Schenkerian analysis hits closer to the mark, because it at least begins to explain how the human mind organizes musicMusic Notes Background beyond the physically heard sound. Lerdahl & Jackendoff’s Generative Theory of Tonal Music comes even closer, articulating a psychological basis for how we organize and understand music that we hear. With knowledge of these actual theories, a music student can then understand how the notes, chords and rhythms they are learning are formed into structures of meter, motifs, themes, theme groups, sections, movements and works over periodic time-spans, and create patterns of tensions and relaxations that are the expressiveness of music. Note names, chord names, and rhythms are just the beginning, and alone are inadequate for teaching music theory and music in general. Teachers should by all means teach music spelling, but must also teach what sounds those things being spelled are, how and in what forms they exist in the physical world as sound, and how they interact and are perceived as musical in combinations that have musical and psychological bases. That is the essence of music theory and essential to good music teaching.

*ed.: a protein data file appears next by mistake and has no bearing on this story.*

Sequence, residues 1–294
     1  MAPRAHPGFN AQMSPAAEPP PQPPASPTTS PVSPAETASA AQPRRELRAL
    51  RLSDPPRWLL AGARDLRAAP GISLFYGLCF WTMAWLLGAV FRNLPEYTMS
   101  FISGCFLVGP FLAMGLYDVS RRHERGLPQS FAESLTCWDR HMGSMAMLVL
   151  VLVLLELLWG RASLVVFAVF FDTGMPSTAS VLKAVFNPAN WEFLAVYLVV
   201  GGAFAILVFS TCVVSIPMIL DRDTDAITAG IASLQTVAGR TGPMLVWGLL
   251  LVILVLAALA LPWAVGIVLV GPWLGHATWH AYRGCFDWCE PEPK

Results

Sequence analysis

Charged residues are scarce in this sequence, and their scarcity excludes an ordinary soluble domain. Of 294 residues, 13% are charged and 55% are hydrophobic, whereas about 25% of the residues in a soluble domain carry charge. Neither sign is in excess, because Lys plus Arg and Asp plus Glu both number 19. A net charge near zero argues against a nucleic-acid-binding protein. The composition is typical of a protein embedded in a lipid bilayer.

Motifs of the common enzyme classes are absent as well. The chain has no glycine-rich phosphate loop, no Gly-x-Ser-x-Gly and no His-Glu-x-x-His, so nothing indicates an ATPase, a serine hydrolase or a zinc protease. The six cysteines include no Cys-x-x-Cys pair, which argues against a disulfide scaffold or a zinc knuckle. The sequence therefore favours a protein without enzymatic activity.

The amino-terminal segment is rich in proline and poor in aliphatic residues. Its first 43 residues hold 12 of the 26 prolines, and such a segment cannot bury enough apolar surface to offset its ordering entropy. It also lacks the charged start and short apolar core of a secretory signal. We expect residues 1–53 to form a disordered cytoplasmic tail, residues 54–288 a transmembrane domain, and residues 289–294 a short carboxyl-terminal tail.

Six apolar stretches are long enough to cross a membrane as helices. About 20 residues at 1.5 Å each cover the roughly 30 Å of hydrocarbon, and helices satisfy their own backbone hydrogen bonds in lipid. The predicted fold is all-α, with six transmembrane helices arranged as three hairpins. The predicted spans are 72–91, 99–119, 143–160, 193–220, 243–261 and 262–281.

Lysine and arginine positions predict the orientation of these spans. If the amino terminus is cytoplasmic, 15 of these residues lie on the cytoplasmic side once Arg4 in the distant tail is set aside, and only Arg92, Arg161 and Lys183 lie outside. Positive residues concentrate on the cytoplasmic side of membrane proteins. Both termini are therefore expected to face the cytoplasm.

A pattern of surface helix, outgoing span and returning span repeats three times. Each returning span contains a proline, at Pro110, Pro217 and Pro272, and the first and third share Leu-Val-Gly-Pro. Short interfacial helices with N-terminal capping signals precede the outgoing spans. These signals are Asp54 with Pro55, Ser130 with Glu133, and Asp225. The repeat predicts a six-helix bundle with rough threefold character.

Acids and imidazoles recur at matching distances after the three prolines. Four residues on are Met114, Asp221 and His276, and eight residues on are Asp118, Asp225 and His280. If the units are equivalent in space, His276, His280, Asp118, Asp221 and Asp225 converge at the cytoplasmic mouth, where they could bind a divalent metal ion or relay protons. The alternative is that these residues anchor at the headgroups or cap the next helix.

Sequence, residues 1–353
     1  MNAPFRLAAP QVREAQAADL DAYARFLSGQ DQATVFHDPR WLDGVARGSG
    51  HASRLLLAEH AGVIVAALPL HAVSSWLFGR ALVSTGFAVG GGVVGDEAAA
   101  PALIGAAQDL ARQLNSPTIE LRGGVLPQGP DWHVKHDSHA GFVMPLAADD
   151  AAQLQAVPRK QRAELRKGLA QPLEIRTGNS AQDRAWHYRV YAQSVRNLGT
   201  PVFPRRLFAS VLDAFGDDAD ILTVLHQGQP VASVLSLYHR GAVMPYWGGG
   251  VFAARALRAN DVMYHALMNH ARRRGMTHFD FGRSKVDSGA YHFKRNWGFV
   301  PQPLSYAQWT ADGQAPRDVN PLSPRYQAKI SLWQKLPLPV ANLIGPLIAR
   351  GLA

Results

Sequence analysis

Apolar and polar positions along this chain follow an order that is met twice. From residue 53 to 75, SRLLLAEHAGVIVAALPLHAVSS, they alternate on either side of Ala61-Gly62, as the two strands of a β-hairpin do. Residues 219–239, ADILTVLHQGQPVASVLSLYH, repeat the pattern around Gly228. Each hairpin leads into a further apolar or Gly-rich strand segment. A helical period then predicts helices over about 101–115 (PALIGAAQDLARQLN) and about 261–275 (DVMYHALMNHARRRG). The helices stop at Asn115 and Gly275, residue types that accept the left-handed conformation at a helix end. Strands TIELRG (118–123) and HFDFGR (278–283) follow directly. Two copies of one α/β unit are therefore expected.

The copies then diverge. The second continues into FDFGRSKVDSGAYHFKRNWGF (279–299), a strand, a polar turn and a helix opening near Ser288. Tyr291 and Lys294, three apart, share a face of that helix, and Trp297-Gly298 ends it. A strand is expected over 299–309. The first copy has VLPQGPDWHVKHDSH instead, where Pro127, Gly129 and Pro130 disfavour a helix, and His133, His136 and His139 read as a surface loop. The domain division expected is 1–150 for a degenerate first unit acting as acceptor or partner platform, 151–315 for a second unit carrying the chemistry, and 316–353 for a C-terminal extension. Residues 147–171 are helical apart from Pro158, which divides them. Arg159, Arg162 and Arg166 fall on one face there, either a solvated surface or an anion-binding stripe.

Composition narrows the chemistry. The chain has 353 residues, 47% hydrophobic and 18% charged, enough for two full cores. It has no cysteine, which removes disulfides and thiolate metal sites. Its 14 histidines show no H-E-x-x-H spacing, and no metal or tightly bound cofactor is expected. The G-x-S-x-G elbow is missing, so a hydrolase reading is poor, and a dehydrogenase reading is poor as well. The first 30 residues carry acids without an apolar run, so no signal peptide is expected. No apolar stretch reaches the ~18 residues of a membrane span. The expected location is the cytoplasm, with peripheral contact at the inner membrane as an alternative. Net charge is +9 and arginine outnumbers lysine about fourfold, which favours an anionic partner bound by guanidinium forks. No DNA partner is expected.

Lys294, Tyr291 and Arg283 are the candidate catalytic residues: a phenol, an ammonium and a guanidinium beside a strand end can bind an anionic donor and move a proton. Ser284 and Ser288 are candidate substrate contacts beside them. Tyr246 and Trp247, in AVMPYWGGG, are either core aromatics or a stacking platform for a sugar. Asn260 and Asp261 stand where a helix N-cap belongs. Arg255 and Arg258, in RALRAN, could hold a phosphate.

Using Core Arts Standards To Teach Students How To Analyze Repertoire

2011Symposium_1_2Once a musical work has been selected (see my post for yesterday on selecting repertoire) the next step in the process of preparing it for performance is to analyze. The focus of the analysis should be constrained to what will be useful to the student, and to what interests the student in the work. Students should be aware of all the musical qualities the composer used, that they can be properly interpreted and performed. Included should be use of dynamics, tempo, articulation, phrasing, rhythm, and melodic contour.

I have been writing lately about the methods of Jaques-Dalcroze, and so I shall draw upon his writings again here. Jaques-Dalcroze wrote thirteen rules of nuance and phrasing. In as much as we are considering dynamics, tempo, articulation, phrasing, rhythm, pitch and melodic contour, they will serve our purpose well here, and provide a clear framework for students to follow for their analyses. The students should look for the condition described in each rule, and then apply the method of nuance or phrasing prescribed.

  1. All ascending melodies (with exceptions) must be sung with a crescendo and all descending melodies (with exceptions) must be sung with a diminuendo.